Surface area of a sphere using integrals


by spec00
Tags: integrals, sphere, surface
spec00
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#1
Apr10-11, 12:57 PM
P: 3
Hello dear colleagues!

Yesterday i was trying to proof the surface area of a sphere formula, then i got some problems. I know that something is seriously wrong in this concept, but i can't tell what exactly is wrong. Could you guys help me please?

I just thougt about a hollow sphere, then we can slice it up to little cylinders with infinitesimal height (like slicing some onion rings). If we add up these teeny weeny little parts, i thought that we could obtain the area of the sphere.

[tex]x^{2}+y^{2}=r^{2}[/tex]
[tex]\int(2*\pi*x)*dy[/tex]

[tex]2*pi*\int\sqrt{y^{2}-r^{2}}*dy[/tex]

But when i integrate over 0 to R and multiply all by 2, the result is not correct. What did i do wrong?

Thanks!
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tiny-tim
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#2
Apr10-11, 01:43 PM
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hello spec00! welcome to pf!
Quote Quote by spec00 View Post
I just thougt about a hollow sphere, then we can slice it up to little cylinders
no, they're not cylinders (with vertical sides), they're little slices of a cone (with sloping sides), which can have a much larger area
spec00
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#3
Apr10-11, 02:08 PM
P: 3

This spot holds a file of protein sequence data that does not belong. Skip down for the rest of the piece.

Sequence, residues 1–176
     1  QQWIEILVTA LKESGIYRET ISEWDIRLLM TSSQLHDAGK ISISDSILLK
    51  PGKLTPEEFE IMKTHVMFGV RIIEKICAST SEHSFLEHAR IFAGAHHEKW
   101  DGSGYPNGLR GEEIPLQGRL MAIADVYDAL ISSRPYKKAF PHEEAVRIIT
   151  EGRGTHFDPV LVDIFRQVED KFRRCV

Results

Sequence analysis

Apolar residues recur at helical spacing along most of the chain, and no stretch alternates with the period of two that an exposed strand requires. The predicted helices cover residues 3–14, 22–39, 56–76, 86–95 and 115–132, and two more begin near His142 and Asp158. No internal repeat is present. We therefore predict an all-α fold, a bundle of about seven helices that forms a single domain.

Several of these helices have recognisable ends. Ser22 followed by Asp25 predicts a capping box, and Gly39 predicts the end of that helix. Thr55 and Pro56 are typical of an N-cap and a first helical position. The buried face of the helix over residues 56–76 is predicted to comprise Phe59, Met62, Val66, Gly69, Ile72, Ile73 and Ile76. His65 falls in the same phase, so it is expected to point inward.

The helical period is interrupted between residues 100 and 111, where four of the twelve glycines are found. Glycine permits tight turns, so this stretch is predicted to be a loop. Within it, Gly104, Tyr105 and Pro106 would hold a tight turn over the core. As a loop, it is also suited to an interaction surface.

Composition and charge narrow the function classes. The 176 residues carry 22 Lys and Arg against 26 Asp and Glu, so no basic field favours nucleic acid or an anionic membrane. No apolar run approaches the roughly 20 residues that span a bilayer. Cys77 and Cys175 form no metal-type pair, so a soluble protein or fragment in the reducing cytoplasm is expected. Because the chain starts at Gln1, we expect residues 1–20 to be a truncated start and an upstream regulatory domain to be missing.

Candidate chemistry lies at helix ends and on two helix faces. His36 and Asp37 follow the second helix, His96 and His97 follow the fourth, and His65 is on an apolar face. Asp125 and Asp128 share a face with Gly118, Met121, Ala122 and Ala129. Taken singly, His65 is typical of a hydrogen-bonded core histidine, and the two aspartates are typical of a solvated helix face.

Thanks for the fast reply, tiny-tim!

Well, that's true, but i've seen a proof for the volume of a sphere using slices of it with infinitesimal height. Since the slices are not cylinders, but little cones, that deduction wouldn't get us in the wrong place too?

http://en.wikipedia.org/wiki/Sphere (Proof of the sphere's volume formula)

Thanks again! And sorry about my english, i'm a bit rusty!

tiny-tim
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#4
Apr10-11, 02:22 PM
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Surface area of a sphere using integrals


hi spec00!
Quote Quote by spec00 View Post
i've seen a proof for the volume of a sphere using slices of it with infinitesimal height. Since the slices are not cylinders, but little cones, that deduction wouldn't get us in the wrong place too?
we get this question quite often!

the error for the volume is the difference between 2πr dh and (roughly) 2π(r + dr/2) dh
a second-order error of π drdh
but the error for the area is the difference between 2π dh and 2π dh/cosθ
a first-order error of 2π(1 - secθ) dh
(in layman's terms, most of the volume is in the middle, and the error is only an edge-effect, but for the area, it's all edge! )
spec00
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#5
Apr10-11, 02:35 PM
P: 3
Wow! Now, that's absolutely clear for me.

Thanks for the huge enlightment..!


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